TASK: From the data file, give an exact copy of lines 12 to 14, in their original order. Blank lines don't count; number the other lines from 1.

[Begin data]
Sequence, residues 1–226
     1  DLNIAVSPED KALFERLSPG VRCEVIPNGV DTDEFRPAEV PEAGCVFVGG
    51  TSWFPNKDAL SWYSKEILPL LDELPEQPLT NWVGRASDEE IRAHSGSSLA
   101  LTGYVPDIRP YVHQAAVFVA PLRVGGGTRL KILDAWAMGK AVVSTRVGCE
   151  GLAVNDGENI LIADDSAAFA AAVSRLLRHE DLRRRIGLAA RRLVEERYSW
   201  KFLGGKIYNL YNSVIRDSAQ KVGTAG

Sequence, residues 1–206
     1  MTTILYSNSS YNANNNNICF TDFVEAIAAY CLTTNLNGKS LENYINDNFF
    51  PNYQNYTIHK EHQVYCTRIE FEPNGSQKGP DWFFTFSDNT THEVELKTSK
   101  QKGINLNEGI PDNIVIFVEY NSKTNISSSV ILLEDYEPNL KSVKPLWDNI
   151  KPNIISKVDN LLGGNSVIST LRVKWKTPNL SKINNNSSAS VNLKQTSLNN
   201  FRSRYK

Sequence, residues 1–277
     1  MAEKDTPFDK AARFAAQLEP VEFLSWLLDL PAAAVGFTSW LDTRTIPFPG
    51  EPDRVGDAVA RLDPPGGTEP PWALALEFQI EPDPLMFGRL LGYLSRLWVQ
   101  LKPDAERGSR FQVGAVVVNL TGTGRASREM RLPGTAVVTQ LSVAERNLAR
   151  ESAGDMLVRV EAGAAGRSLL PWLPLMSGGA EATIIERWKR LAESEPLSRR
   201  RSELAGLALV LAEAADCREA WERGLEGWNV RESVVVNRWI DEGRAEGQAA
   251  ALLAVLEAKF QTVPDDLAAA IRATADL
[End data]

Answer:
   201  FRSRYK

Sequence, residues 1–277
     1  MAEKDTPFDK AARFAAQLEP VEFLSWLLDL PAAAVGFTSW LDTRTIPFPG